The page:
· Number of deals rose marginally from 401 in 2010 to 416 in 2011
· Total deal value decreased from $44.1bn in 2010 to $31.7bn in 2011
· Q4 2011 experienced a considerable increase in total deal value compared to the third quarter, rising from US$4.4bn in Q3 2011 to US$7.2bn in Q4 2011, a jump of 64%
Total Mergers & Acquisitions (M&A) deal volumes in the Middle East and North Africa (MENA) region registered a rise of 4% last year, from 401 in 2010 to 416 in 2011, according to Ernst & Young’s 2011 year-end MENA M&A update. Deal values on the other hand fell by 28%, from US$44.1bn in 2010 to US$31.7bn in 2011.
The first half of 2011 experienced a higher average value of M&A deals at approximately US$10bn as compared to the second half, which showed an average value of approximately US$6bn. Fourth quarter activity in 2011 experienced a considerable increase in total deal value compared to the third quarter, rising from US$4.4bn in Q3 2011 to US$7.2bn in Q4 2011, a jump of 64%.
Phil Gandier, MENA Head of Transaction Advisory Services, Ernst & Young, said in Dubai: “A larger number of deals at smaller valuations signifies that asset values across the region have taken a tumble in light of the lower regional economic growth and also the projections for future growth. One of the key obstacles slowing deal closures has been the continuation of the valuations gap between buyers and sellers. Once this discrepancy begins to narrow, we may begin to see deal closures picking up some pace. Sellers have acknowledged that future cash flows from their business stakes will not be as strong as they had hoped for and are now in the process of re-evaluating their options. These numbers indicate that 2012 will be favorable to buyers if they can add substantial value.”
UAE and Saudi Arabia remain most active
The countries that saw the largest number of transactions in the domestic space in 2011 were the UAE (49 deals) and Saudi Arabia (44 deals).
In terms of deal value, countries that ranked highest were the UAE, comprising 40% (US $3.9bn) of total disclosed deal value in the domestic space in 2011; Saudi Arabia followed at 29% (US$2.8bn) and Kuwait at 11% (US $1.1bn).
Outbound deals beat inbound deals in terms of value in 2011
In terms of volume, domestic transactions outnumbered inbound and outbound deal activity, comprising about 54% of total announced deals in 2011. In terms of value, however, outbound deal activity held the greatest value among total announced deals, comprising US$16.3bn, or 51% of total announced deal value in 2011.
By volume, outbound transactions came second after domestic deals in terms of dominance in M&A market activity, comprising 104 deals, or 25% of the total deal volume. Inbound deals, comparatively, held the lowest volume and value among total announced deals, comprising 88 deals, or 21% of total announced deal volume, and US$5.6bn or 18% of total announced deal value in 2011.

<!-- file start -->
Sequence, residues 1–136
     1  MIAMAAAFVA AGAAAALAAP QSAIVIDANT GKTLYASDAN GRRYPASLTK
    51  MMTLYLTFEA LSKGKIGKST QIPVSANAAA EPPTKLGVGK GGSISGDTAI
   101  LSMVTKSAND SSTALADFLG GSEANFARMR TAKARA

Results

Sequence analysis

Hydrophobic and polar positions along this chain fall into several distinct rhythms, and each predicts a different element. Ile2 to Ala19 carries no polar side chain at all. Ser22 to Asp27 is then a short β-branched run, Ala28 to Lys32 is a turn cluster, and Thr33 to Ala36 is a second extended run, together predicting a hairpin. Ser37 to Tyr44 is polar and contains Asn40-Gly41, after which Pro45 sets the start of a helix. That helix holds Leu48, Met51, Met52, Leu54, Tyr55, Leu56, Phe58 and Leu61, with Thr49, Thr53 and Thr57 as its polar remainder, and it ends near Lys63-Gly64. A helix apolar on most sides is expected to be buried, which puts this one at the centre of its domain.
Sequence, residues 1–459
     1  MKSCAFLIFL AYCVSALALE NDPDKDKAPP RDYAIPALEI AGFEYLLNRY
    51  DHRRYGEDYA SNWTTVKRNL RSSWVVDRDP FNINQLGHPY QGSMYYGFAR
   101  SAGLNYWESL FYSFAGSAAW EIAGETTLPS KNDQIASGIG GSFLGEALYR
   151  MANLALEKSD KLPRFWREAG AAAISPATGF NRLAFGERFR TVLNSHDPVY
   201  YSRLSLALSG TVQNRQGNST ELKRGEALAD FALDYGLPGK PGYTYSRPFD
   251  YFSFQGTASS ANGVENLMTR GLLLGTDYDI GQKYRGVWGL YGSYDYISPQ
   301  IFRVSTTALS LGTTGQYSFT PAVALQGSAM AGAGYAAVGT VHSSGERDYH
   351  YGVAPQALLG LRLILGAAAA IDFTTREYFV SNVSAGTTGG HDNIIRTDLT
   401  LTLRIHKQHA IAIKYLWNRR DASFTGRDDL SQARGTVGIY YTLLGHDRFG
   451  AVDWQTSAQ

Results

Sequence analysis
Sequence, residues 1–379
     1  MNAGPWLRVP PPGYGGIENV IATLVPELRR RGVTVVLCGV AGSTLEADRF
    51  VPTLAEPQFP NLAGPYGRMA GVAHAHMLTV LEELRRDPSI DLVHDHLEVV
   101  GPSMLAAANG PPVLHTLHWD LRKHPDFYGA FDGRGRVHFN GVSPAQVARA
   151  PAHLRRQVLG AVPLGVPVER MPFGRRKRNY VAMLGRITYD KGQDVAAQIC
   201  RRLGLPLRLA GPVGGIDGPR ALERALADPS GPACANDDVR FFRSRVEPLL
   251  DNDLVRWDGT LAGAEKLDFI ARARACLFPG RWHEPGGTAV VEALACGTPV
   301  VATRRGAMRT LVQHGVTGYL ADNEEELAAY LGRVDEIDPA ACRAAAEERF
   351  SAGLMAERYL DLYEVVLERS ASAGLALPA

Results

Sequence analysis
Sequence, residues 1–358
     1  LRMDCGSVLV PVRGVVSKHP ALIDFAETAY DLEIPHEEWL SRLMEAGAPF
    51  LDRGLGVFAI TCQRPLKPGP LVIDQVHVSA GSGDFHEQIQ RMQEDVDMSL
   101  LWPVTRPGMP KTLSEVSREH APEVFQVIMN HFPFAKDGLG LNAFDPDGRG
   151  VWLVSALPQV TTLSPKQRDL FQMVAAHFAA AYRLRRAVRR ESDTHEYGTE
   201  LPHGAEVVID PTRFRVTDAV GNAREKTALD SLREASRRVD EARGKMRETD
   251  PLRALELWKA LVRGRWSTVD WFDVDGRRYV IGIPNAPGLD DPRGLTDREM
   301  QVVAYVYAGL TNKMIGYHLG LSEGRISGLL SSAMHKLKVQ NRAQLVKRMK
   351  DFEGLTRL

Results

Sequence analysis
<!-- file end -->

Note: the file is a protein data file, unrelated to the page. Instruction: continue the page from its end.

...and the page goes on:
Phil comments: “A drop in inbound deals directly correlates with the decreasing levels of FDI that the region is able to attract from global investors and institutions. This was to a large extent driven by the uncertainty caused by the changes in the region – especially in 2011. However, we expect this scenario to improve in 2012, especially in the latter half as global investors return to the region to increase their emerging market exposure.”
Diversified Industrial Products, Real Estate and Oil & Gas most active sectors
Sectors that attracted the most domestic M&A activity in 2011 in terms of volume included Diversified Industrial Products (37 deals worth approximately US$680mn) and Real Estate (28 deals worth US3.6bn).
Similarly, in the inbound M&A space, the sector with the greatest deal activity in 2011 was Diversified Industrial Products (21 deals worth US$1.3bn). This was followed by Oil & Gas (12 deals worth approximately US$1.3bn).
In the outbound space, the sector with not only the greatest volume but also value was Oil & Gas (with 13 deals worth approximately US$9bn). In second and third place and with relatively low deal values came Consumer Products (11 deals worth US$31mn) and Diversified Industrial Products (10 deals worth US$156mn).
SWF/PE Activity in the region
Of the 416 deals announced in the MENA region in 2011, 46 deals were in the SWF/PE space, or 11% of all announced deals. Half of such deals were in the domestic space, closely followed by outbound deals at 43%, and inbound deals at 7%.
“SWF/ PE exits can greatly increase FDI inflow into the region, but most exits have been delayed due to economic pressures and other business eroding issues. However, PEs and other large investors are looking at trade sales seriously because of defined fund durations and as a result we expect to see an increase in exits in 2012,” concluded Phil.